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Wednesday, February 3, 2016

White Mother

Winter is the time of year to slow down. Life moves indoors and we have time to do things that get pushed back in other seasons. I always have a list of things I want to do in the winter and I'm nearing the end of the list a bit early this year. Today I did a little scrapbooking to ease my conscience and spent most of the rest of the day reading a book I've been wishing to find for years.
When I was in about fifth grade, our teacher read a book to us that made a great impression on me. White Mother, published in 1957, was written by Jessie Bennett Sams about her own life. Into the lives of two ragged little Negro girls came an angel-a white angel. So it seemed to Veanie and Mingie Bennett, seven-year-old twins in a Florida town, half-savage, motherless, caring for their paralyzed and dying father. Alone they fought for their lives, stole food, and struggled against a hostile world. Then chance led them to the white side of town and the door of Mrs. Rossie Lee. It proved to be the door to a new life.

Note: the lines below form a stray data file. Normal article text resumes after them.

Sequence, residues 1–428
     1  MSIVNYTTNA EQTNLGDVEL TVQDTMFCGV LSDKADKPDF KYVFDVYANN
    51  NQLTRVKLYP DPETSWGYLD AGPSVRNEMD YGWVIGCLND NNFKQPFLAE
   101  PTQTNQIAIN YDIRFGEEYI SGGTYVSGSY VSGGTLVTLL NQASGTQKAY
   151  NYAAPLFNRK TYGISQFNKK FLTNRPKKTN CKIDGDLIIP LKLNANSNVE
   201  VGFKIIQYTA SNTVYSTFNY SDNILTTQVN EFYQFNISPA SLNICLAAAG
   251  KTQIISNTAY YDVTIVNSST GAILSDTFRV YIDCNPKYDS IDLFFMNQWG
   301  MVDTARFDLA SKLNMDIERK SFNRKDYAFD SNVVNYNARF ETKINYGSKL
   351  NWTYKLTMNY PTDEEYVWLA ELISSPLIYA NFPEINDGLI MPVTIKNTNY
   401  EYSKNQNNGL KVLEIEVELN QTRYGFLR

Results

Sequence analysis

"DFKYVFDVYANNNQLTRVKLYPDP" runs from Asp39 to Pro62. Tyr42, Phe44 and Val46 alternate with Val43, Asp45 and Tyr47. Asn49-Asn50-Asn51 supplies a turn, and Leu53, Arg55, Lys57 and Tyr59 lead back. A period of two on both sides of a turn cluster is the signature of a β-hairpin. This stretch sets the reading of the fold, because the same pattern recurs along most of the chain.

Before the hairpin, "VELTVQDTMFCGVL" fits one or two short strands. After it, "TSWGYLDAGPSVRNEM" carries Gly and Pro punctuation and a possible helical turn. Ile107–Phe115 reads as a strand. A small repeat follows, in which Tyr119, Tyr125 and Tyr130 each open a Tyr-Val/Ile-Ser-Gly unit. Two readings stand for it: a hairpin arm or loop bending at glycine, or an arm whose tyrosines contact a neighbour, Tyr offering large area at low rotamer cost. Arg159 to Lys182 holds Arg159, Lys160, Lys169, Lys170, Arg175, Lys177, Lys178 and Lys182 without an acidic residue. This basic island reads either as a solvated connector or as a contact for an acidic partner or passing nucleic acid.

This book was my first introduction to  race prejudice and the Jim Crow laws in the deep South. I had no idea anything like that existed. Sometimes our teacher would stop reading to us, read silently to herself, and then lay the book aside. I always wondered what those parts were that she wouldn't read to us. I looked for the book but never found it.
Then this week,  a Google search found a free download of the book for me. I snapped it up with my Kindle reader and had a hard time putting it down. I indulged myself in reading today and finished it. I enjoyed it as much as I did back in fifth grade, although I probably understood some things better than I did back then.
I think I finally know what parts the teacher didn't read to us. But I'm not going to tell you. Read it for yourself. You can download it here to Kindle or a PDF file.

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